Focus is the fourth major transformation of the world into a photograph. Not only does a camera see monocularly from a definite vantage point; it also creates a hierarchy in the depictive space by defining a single plane of focus. This plane, which is usually parallel with the picture plane, gives emphasis to part of the picture and helps to distill a photograph's subject from its content. There is a gravitation of attention to the plane of focus. Attention to focus concentrates our attention.
In the Mental Level, you see a mental image - a mental construction - when you read this page, or look at a photograph, or see anything else in the world. Light reflecting off a page is focused by the lenses in your eyes on to your retinas. They send electrical impulses along the optic nerves to your cerebral cortex. There your brain interprets these impulses and constructs a mental image.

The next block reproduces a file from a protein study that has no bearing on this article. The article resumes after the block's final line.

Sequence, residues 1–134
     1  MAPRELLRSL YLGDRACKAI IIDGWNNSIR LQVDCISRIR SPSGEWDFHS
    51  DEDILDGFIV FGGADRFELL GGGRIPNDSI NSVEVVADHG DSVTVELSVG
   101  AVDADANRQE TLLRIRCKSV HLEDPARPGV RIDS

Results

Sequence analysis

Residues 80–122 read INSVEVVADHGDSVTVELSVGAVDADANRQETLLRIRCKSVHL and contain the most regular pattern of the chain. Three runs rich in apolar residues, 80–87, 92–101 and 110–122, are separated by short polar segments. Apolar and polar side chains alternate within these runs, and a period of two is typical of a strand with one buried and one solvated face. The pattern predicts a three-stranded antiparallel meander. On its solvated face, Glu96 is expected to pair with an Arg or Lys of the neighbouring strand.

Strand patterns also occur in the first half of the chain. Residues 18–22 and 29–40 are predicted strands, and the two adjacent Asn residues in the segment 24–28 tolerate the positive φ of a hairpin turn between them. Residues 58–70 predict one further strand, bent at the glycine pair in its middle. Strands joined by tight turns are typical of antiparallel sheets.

Pictures exist on a mental level that may be coincident with the depictive level - what the picture is showing - but, does not mirror it. The mental level elaborates, refines, and embellishes our perceptions of the depictive level. The mental level of a photograph provides a framework for the mental image we construct of (and for) the picture. While the mental level is separate from the depictive level, it is honed by formal decisions on that level: choice of vantage point (where exactly to take the picture from), frame (what exactly to include), time (when exactly to release the shutter), and focus (what exactly to emphasize with the plane of focus). What a photographer pays attention to governs these decisions (be they conscious, intuitive, or automatic). These decisions resonate with the clarity of the photographer's attention. They conform to the photographer's mental organization - the visual gestalt - of the picture.
When photographers take pictures, they hold mental models in their minds; models that are the result of the proddings of insight, conditioning, and comprehension of the world. For most photographers, the model operates unconsciously. But, by making the model conscious, the photographer brings it and the mental level of the photograph under his or her control.